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The Breastfeeding Mom's Guide To The Norovirus


Very few things can stymie a mother's will to carry on more than dealing with a sick kid. Oh wait — there is one thing. It's when you're sick, too, and breastfeeding, and exhausted, and throwing up, and feverish. All of those things combined result in a generally terrible experience, to say the least. As flu season continues to run roughshod over us all, it's important for new moms to know what to do if they have norovirus while breastfeeding. I wish I could tell you it doesn't happen, I really do. But it can happen. And it's miserably unfair.

Every winter, the norovirus rears its ugly head and makes people vomit. Few get a free pass, and as of right now there is no vaccine for the severe winter stomach flu (although pharmaceutical lab Takeda reportedly has a norovirus vaccine that has made it to the human trial stage). According to the Centers for Disease Control and Prevention:

Norovirus is a very contagious virus that can infect anyone. You can get it from an infected person, contaminated food or water, or by touching contaminated surfaces. The virus causes your stomach or intestines or both to get inflamed. This leads you to have stomach pain, nausea, and diarrhea and to throw up. These symptoms can be serious for some people, especially young children and older adults.

Here's the good news: Norovirus is almost never fatal. The bad news? It's incredibly unpleasant and way too easy to pass around. The virus can live in a host's stool for up to two weeks and is passed through contact with the mouth. People may experience norovirus symptoms like vomiting, headache, diarrhea, fever, fatigue, and chills for 24-48 hours. It tends to be passed quickly through highly populated, closed areas like schools, cruise ships, and day care centers.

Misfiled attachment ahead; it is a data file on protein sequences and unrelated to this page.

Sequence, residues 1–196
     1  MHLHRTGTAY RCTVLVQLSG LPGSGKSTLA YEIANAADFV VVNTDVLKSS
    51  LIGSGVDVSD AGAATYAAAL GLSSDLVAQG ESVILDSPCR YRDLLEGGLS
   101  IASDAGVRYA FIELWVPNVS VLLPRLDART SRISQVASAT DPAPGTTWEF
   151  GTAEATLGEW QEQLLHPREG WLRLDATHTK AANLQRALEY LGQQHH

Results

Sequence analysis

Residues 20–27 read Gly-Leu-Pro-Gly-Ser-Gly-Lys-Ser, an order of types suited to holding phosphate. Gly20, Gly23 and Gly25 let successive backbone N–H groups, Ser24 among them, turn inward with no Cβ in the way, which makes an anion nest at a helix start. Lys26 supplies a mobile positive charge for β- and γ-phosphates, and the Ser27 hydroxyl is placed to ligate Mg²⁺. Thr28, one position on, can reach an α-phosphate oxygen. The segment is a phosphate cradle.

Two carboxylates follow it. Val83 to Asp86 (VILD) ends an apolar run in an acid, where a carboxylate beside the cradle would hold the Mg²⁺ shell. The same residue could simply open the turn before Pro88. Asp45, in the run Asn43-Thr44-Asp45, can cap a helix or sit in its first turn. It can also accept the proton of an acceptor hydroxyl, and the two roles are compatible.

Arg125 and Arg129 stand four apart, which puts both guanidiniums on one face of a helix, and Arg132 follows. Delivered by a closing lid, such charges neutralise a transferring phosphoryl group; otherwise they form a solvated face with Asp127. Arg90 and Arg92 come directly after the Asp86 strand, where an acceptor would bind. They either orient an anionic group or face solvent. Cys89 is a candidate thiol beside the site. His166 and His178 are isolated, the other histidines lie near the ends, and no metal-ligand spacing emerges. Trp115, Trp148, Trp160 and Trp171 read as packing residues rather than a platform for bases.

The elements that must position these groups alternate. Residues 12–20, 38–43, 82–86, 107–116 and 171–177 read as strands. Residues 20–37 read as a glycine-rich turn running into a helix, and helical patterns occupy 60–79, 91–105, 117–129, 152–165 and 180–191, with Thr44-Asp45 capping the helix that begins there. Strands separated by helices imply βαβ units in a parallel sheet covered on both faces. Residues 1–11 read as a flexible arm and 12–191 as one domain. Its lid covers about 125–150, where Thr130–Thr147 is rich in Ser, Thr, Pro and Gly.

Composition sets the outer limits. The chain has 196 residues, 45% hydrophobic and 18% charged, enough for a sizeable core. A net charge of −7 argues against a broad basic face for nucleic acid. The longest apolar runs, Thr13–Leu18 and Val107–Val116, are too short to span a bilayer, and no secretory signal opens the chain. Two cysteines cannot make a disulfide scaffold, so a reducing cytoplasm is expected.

So what do you do if you are breastfeeding and happen to be one of the unfortunate victims of norovirus? More importantly, as I know most of you concerned moms out there are wondering, can you pass it along to your baby? "Continue to breastfeed your child, but make sure to increase your hygiene," Dr. Juan Leon, Ph.D., a global health associate professor at Emory University, tells Romper.

When you contract norovirus, your body creates antibodies to protect against the illness. "The mother is transmitting these very protective antibodies to her child in her breast milk," Leon says. Norovirus is less common in babies who are exclusively breastfed, and your milk will help them avoid developing unpleasant symptoms.

If you are breastfeeding while sick, make sure to thoroughly scrub your hands after you go to the bathroom to prevent contaminating your child, Leon adds.

Now on to you. If you've been unfortunate enough to contract norovirus, you should do the following (these won't cure you, but they'll help you manage your symptoms and hopefully stop you from accidentally spreading it to anyone else):

  • Stay hydrated. Drink as much water as you can even though you might only be able to manage the odd sip or two.
  • Wash your hands with soap and water (don't bother with hand sanitizer, it doesn't do anything for this particular virus).
  • Stay at home and rest. You are contagious for at least three days, and want to avoid spreading the disease.
  • Ask another adult to help care for your baby so you can rest. Really.
  • Avoid handling and preparing food.
  • Call your doctor if symptoms last longer than a few days.

Norovirus can be the pits. Hopefully for moms everywhere — especially those that are breastfeeding — it'll all be over soon.


Dr. Juan Leon, PhD, global health professor at Emory University

Additional reporting by Eden Lichterman

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